How is emphysema diagnosed with CT imaging?

Updated: Mar 13, 2019
  • Author: Ali Nawaz Khan, MBBS, FRCS, FRCP, FRCR; Chief Editor: Eugene C Lin, MD  more...
  • Print
Answer

Answer

For the visual detection of emphysema, use of a high-definition algorithm (bone or lung settings) is helpful. However, for the automatic detection of emphysema by computer, the standard algorithm is probably best. High-definition filters affect the attenuation measured by the computer, deviating from the values from the real Hounsfield scale and generally increasing the attenuation to variable degrees depending on the air-lung-tissue proportion. This effect is even more important when the attenuation of the lungs is compared for high-definition processing with scanners from different suppliers.

To enhance the margins of adjacent structures with different attenuations, processing artificially changes the original attenuation of the interface planes between the adjacent high- and low-attenuating structures, as in the case of the lung parenchyma and the air content of the lungs. This phenomenon is more obvious in the lung and skin than in solid viscera. This is probably why thresholds for discriminating emphysema differ in the current literature. The authors' personal experience suggests that the threshold -950 HU, as Gevenois suggested, with the standard algorithm without edge enhancement is the most appropriate method. This method may be most consistent and reliable for measuring the lung attenuation by using different machines.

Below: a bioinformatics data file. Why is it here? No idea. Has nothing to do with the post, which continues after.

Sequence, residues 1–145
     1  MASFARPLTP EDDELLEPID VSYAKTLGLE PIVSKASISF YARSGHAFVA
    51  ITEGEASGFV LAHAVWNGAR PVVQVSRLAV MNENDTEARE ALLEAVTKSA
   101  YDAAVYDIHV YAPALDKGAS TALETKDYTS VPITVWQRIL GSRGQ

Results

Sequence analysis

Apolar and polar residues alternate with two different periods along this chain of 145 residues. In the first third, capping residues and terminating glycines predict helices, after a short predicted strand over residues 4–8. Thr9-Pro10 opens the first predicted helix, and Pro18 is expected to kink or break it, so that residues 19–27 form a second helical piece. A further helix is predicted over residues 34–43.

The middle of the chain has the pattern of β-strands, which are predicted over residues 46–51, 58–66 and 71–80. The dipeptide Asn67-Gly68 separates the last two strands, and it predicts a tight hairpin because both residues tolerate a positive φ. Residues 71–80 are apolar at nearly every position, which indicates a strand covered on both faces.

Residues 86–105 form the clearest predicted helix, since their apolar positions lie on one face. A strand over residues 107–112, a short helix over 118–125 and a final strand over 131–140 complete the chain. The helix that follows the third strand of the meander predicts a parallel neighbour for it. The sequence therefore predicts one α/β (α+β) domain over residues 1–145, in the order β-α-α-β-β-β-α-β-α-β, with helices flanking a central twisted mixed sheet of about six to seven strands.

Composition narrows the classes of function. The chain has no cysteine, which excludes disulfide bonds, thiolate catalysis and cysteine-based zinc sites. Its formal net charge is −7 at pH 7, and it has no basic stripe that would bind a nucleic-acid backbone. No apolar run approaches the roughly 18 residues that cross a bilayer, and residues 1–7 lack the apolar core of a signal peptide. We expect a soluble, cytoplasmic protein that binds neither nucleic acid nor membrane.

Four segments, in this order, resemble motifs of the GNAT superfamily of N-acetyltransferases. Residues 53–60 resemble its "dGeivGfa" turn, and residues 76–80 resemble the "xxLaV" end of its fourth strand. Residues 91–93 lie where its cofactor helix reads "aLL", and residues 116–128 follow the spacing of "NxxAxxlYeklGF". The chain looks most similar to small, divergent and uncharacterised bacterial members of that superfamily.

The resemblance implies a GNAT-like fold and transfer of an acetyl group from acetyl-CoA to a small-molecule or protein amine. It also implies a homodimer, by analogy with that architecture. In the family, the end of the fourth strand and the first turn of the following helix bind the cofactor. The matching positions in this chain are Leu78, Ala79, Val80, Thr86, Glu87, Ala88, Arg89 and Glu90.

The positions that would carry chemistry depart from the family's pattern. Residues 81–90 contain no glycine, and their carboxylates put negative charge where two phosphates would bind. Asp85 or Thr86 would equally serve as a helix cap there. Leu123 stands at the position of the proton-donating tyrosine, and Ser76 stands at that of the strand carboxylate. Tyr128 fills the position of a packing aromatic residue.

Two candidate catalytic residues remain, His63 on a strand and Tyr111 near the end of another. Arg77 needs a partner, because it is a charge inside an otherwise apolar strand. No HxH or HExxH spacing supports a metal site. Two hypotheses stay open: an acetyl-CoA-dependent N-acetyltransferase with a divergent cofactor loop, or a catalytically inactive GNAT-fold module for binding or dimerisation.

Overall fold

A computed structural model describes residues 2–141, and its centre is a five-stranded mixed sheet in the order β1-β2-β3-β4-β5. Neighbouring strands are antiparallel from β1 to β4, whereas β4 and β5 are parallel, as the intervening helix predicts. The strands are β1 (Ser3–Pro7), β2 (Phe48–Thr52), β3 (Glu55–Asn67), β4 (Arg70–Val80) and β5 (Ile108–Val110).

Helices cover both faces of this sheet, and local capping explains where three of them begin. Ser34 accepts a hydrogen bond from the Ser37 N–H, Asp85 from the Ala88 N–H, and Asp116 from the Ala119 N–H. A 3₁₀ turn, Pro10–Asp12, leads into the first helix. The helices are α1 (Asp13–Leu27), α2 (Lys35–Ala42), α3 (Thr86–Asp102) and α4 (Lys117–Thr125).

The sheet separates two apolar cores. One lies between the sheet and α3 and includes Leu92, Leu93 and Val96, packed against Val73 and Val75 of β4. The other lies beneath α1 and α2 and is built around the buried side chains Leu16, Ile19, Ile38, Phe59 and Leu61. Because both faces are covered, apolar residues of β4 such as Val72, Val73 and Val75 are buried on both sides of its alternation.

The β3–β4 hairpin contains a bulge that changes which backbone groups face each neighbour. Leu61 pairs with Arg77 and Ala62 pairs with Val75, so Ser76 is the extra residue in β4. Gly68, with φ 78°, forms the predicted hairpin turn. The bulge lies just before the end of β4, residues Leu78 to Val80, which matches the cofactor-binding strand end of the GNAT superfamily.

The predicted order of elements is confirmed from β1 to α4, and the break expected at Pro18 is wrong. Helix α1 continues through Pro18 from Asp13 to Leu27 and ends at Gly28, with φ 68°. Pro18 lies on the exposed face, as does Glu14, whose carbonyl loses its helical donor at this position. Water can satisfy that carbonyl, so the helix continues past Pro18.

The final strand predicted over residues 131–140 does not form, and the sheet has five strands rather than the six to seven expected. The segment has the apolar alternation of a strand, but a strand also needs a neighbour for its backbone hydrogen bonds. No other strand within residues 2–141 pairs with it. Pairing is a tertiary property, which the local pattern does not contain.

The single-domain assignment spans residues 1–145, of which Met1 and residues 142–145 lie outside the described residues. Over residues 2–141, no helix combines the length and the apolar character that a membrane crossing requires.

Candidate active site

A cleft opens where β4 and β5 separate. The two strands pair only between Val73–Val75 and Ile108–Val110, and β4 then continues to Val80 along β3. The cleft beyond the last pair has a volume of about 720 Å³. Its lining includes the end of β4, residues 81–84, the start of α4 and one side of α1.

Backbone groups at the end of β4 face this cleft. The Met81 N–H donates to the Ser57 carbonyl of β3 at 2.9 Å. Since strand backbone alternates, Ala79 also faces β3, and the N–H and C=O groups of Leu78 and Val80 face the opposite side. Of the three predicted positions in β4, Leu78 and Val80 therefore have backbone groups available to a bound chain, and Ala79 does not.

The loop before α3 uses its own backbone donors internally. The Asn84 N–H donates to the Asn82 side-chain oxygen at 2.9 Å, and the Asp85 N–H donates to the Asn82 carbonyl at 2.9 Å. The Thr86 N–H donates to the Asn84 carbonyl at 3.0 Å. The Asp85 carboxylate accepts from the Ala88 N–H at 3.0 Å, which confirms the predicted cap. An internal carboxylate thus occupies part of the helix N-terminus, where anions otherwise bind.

Volumetric quantification of emphysema is based on the Hounsfield scale by using CT pulmonary densitovolumetry (shown in the images below). Some studeis suggest that precocious detection with quantification and 3-dimensional (3D) demonstration of the extension and distribution of emphysema can be helpful in smoking cessation programs or in risk assessments for occupational exposures.

CT densitovolumetry of a nonsmoker, healthy young CT densitovolumetry of a nonsmoker, healthy young patient shows normal lungs. Less than 0.35% of lungs have attenuations below -950 HU (Corrêa da Silva, 2001).
CT densitovolumetry in a patient with lung cancer. CT densitovolumetry in a patient with lung cancer. Three-dimensional (3D) image shows that the cancer is in the portion of the right lung that was less affected by emphysema in a patient with poor pulmonary function (Corrêa da Silva, 2001).
CT densitovolumetry shows the attenuation mask. Gr CT densitovolumetry shows the attenuation mask. Green areas are those with attenuation below the selected threshold (here, -950 HU to evaluate emphysema), and pink areas are those with attenuations above the threshold. Area outside the patient is highlighted in green because of air (Corrêa da Silva, 2001).

Did this answer your question?
Additional feedback? (Optional)
Thank you for your feedback!